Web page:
Latvian export volumes close to pre-crisis levels; the future will be determined by productivity
In June of 2010, the exports of Latvian goods grew 23.3% year-on-year and imports 22.0%. Even though month-on-month, a small seasonal drop in foreign trade was observed in June, in the second quarter overall exports reached the level observed a few months before the crisis set in, with imports averaging about the level of the first half of 2006. As a result of growing competitiveness and gradual recovery of the foreign markets, the nominal exports of Latvian goods in the first half of 2010 grew 22.9% year-on-year, with imports growing at a slower rate (8.3%).
A month-to-month growth was observed also for the exports of food products, wood pulp and its products, means of transportation as well as mechanisms and mechanical equipment exports, which together accounted for 49.9% of the goods exports. Over the course of the year both imports and exports have grown for the majority of the most important groups of goods, except mineral products.
Several indicators characterizing competitiveness continue to improve.
As a result of cost cutting measures, the real effective exchange rate of the lats, which characterizes price and cost changes vis-à-vis the price and cost dynamics of the main trading partners, continued to drop.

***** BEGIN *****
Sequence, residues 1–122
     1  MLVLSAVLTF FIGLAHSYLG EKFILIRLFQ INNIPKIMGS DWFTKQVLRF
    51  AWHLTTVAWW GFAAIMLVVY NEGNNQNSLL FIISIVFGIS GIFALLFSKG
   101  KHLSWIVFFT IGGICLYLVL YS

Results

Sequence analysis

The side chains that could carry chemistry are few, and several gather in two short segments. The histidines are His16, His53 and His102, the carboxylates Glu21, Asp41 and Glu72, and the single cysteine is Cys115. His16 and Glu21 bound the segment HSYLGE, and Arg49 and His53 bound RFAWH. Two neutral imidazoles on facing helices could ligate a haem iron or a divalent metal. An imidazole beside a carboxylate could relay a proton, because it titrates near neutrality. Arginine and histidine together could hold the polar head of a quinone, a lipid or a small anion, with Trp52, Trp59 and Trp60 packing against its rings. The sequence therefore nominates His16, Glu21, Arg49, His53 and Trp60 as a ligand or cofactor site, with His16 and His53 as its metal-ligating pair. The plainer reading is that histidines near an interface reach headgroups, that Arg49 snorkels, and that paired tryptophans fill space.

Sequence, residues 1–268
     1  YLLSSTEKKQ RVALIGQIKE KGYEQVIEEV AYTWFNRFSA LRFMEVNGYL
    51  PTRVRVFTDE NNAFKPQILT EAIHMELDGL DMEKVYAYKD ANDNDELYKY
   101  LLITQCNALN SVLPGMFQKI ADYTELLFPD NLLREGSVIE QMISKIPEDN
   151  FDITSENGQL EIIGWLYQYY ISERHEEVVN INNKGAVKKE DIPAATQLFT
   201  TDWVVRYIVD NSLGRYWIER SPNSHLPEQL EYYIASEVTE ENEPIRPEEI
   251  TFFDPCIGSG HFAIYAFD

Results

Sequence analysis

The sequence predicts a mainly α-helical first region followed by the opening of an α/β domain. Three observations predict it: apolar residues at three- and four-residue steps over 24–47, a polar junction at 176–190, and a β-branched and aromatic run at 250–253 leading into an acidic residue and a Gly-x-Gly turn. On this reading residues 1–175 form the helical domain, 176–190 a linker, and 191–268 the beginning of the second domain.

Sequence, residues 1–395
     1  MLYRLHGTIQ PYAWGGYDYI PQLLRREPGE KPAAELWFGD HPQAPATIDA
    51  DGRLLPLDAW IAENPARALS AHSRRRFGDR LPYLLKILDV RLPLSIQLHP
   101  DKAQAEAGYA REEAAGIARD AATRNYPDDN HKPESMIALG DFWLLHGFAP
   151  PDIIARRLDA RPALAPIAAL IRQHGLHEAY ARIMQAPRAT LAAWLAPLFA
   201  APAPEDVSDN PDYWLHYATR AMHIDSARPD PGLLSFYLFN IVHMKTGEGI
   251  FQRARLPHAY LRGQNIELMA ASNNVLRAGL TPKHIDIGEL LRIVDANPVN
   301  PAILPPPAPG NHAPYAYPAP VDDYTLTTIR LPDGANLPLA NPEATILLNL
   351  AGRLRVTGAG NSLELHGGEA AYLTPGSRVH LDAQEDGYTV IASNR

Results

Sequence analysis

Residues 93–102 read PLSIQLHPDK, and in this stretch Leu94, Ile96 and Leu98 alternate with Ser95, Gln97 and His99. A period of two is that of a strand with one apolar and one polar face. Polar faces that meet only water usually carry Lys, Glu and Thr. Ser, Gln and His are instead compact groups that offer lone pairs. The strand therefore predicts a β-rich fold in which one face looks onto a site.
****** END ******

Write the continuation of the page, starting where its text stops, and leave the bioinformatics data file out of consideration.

The gradual resumption of manufacturing allows for a fuller exploitation of the manufacturing capacities: the assessment of the employment of processing industry capacities in the third quarter improved by five percentage points quarter-on-quarter.
The data available from Latvia's main trading partners allow us to evaluate our market shares in April and May, indicating that the Latvian export shares have grown rapidly in the imports of such important trading partners as Denmark, Germany, Lithuania, the Netherlands, Poland, Finland, and the United Kingdom.
The assessment of export orders improved a little in July, giving rise to hopes for a continued growth of exports in the next few months. In the second half of July and the beginning of August growth of the Baltic Dry index (in contrast to the drop in May and June) was observed, indicating a rise in demand for cargo transport by sea and could have a positive effect on Latvian service exports. The unfavourable weather conditions (heat and storms) in many parts of Europe, which is at the basis of the rises in grain prices this season and limits on the trade of grain (e.g., the ban on grain exports in Russia), may open up opportunities for Latvian grain exporters in the coming months. The harvest is not yet over in Latvia, however, and the weather conditions are not stable, so there remains a risk that prices may rise domestically.
As the global economy recovers from the crisis and the influence of various support mechanisms diminishes in manufacturing and export as well as the positive impact of price and cost drops on the competitiveness of Latvian exports dwindles, the Latvian export volumes will be increasingly affected by the degree to which productivity rises.